Monday, January 08, 2018

MEdia Dragon LLC: A Sacred Geography where everyone can be a Cold River Jedi

Almanac: Ralph Waldo Emerson on optimism

“Write it on your heart that every day is the best day in the year.” Ralph Waldo Emerson, Society and Solitude ... read more

H.L. Mencken did what he could to keep his obituary short and to the point, tucking the following note into his clip file in the morgue of the Baltimore Sun: “Save in the event that the circumstances of my death make necessary a news story it is my earnest request to my old colleagues of the Sunpapers that they print only a brief announcement of it, with no attempt at a biographical sketch, no portrait, and no editorial.”

 Why 2017 Was the Best Year in Human History Nicholas Kristoff

'If astronauts have a hero, that hero is John Young': plaudits flow for NASA's longest-serving astronaut

Prague Spring of 1968 was the huge failure and so were a number of the Iron Curtain Crossings which led to 1989 Velvet Revolution ...

Vanity Fair’s David Kamp recently tried to get Kathleen Kennedy and Rian Johnson to tell him the meaning behind The Last Jedi, the title of the upcoming Star Wars movie. LOL. Hopeless move, right? Why would he even ask such a question? Oh, because George Lucas told him who the The Phantom Menace referred to before that movie came out.
Vanity Fair: So, do we know what the words The Last Jedi allude to?
Kathleen Kennedy: Why in the world do you think I would tell you that?
VF: I’ll tell you why. Back in 1998, I interviewed George Lucas for V.F. ahead of The Phantom Menace, and I asked, “Who or what is the phantom menace?” And he nonchalantly said, “Oh, it’s Darth Sidious.”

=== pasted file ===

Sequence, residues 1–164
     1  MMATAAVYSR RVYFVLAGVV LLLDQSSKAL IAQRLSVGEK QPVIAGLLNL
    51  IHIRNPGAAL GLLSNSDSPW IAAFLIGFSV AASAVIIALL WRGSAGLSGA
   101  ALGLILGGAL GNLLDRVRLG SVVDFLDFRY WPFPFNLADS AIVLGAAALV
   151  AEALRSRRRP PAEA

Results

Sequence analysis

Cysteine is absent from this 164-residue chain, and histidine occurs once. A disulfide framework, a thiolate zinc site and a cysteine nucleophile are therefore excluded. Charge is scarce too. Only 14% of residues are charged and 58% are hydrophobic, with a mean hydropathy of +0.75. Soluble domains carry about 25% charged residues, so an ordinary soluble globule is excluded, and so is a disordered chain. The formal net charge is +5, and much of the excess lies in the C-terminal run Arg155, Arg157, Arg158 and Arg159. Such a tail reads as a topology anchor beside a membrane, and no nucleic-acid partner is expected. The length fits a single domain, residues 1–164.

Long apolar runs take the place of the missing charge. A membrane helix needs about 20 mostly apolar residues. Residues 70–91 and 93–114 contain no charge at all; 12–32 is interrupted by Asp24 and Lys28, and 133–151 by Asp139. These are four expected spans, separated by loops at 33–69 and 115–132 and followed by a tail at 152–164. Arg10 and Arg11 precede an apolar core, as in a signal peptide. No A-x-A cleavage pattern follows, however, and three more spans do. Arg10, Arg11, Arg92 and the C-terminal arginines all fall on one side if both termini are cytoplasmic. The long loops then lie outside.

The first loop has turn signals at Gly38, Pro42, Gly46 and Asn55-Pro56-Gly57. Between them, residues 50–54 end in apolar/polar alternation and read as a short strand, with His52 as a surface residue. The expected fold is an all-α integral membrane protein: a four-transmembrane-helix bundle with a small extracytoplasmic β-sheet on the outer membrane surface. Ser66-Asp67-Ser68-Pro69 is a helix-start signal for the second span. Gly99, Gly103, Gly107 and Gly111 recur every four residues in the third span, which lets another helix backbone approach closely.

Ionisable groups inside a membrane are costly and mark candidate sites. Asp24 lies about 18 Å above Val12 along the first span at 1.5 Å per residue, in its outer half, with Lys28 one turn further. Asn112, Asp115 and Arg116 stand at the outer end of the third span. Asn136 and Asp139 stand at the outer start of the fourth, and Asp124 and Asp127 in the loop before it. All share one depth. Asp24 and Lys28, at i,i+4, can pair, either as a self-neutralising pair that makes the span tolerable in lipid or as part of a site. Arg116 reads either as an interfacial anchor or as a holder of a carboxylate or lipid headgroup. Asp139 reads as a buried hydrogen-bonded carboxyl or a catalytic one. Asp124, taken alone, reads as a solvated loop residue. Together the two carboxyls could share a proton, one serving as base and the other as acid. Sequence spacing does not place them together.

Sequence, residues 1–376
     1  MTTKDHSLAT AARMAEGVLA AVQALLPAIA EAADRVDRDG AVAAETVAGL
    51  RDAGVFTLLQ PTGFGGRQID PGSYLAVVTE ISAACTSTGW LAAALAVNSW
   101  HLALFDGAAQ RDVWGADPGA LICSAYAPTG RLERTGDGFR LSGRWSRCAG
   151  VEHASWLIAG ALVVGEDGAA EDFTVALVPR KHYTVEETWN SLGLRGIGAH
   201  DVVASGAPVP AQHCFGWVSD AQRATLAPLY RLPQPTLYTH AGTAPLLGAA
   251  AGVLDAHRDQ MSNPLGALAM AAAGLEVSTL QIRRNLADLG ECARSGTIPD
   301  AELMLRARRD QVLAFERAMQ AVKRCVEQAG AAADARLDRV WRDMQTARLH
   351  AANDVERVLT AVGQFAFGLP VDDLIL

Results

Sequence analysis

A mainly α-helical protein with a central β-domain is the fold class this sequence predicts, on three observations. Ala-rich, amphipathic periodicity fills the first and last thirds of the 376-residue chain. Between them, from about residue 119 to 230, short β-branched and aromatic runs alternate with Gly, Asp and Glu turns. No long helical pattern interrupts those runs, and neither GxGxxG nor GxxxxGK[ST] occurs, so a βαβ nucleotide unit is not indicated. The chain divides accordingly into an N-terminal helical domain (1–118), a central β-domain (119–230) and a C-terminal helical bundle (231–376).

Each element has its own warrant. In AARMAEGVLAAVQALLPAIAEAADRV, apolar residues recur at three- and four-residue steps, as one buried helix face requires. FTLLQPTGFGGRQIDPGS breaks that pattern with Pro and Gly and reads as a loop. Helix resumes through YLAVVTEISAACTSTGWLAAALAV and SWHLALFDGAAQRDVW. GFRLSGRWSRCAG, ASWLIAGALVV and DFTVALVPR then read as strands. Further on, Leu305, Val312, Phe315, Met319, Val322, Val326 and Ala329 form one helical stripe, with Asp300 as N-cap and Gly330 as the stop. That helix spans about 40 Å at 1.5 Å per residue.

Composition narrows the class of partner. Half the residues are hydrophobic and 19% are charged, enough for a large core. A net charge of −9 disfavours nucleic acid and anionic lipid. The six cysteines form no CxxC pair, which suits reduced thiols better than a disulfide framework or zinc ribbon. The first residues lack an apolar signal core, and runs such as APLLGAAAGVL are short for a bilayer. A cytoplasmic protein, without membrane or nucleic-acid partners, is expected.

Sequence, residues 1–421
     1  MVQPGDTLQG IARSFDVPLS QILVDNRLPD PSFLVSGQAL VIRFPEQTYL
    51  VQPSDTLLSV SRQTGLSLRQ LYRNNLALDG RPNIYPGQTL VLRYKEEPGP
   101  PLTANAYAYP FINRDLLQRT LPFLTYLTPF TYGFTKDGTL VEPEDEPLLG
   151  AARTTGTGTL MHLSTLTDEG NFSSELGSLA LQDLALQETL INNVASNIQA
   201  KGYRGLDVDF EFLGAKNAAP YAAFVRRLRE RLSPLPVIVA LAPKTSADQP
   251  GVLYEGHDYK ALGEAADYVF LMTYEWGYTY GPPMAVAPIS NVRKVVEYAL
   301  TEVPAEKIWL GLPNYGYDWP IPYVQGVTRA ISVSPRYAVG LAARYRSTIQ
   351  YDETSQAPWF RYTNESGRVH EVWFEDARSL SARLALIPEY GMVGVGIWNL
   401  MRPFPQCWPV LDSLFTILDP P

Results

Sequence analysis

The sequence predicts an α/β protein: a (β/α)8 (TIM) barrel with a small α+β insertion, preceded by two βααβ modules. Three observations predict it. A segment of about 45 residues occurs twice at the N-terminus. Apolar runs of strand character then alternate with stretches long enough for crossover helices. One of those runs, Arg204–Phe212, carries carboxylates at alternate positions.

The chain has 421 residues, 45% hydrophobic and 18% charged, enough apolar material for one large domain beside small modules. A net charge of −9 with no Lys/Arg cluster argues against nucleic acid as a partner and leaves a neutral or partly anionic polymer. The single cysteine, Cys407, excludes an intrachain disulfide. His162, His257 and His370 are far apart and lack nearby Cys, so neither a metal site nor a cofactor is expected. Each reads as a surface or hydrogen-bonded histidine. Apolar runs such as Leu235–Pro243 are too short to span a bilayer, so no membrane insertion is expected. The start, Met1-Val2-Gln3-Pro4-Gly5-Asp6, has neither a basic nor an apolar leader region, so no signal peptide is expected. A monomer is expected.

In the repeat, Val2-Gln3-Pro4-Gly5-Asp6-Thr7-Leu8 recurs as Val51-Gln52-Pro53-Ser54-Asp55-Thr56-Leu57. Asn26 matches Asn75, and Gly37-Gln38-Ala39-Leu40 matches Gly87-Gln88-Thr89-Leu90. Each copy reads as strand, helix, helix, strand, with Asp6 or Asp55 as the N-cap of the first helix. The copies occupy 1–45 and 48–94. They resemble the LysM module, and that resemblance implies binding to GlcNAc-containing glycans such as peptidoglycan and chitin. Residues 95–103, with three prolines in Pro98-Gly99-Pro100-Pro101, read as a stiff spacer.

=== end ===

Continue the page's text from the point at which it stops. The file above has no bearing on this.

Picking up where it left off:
KK: Did he really?
VF: Just like that.
KK: I’m not going to do that.
VF: So, does the word “Jedi” work in the singular or the plural?
KK: That’s actually what’s interesting about the title, and very intentionally ambiguous.
VF: As you’re being right now.
KK: Yes.
Here’s the relevant passage from a piece written by Kamp and published in 1999:
Given that The Phantom Menace is a Vader- and Emperor-free movie, the role of evil string-puller falls to someone we’ve never heard of. “The phantom menace is a character named Darth Sidious,” Lucas says, “who is the last of the Sith” (“An ancient people… conquered by powerful dark-side Jedi magic”-page 268, Star Wars Encyclopedia, by Stephen J. Sansweet). Actually, Lucas goes on to explain, the “menace” honorific should be broadened to include Sidious’s apprentice, Darth Maul, a terrifyingly fierce-looking character played by the martial-arts expert Ray Park. Maul gets to fight a lightsaber battle with Obi-Wan, but Sidious remains a shadowy figure. “Nobody knows Darth Sidious exists,” says Lucas. “Well, he’s seen to the audience, but not to the players.”
Lucas appears to be firmly in the spoilers are fine camp.
Latest 'Star Wars' Teaches The Value Of Failure : 13.7: Cosmos And Culture : NPR

Yoda: Failure is the greatest teacher ...  failure is.

Yoda: We are what they grow beyond...

 Let's not forget that there are many characters in the Star Wars galaxy who don't speak English

Luke Skywalker: Where are you from?
Rey: Nowhere.
Luke Skywalker: Nobody is from nowhere.
Rey: Vrbov.
Luke Skywalker: Yeah, that's pretty much nowhere.

Star Wars is a religion that primes us for war and violence

Slow down, you move too fast.
Got to make the morning last.
       —from “59th Street Bridge Song,” by Simon and Garfunkle 
When I find myself in times of troubles, mother Maria (sic)  comes to me,

Speaking words of wisdom, let it be.
Let it be, let it be, let it be.
Whisper words of wisdom, let it be.
       —from “Let It Be,” by The Beatles

More than 40 years after it hit theaters for the first time, the cultural influence of the “Star Wars” movie franchise is undeniable. You can see that reach in the skyrocketing box-office take of the most recent installment, Star Wars: The Last Jediwhose ticket sales worldwide raced past the $1 billion mark just before New Year’s Day.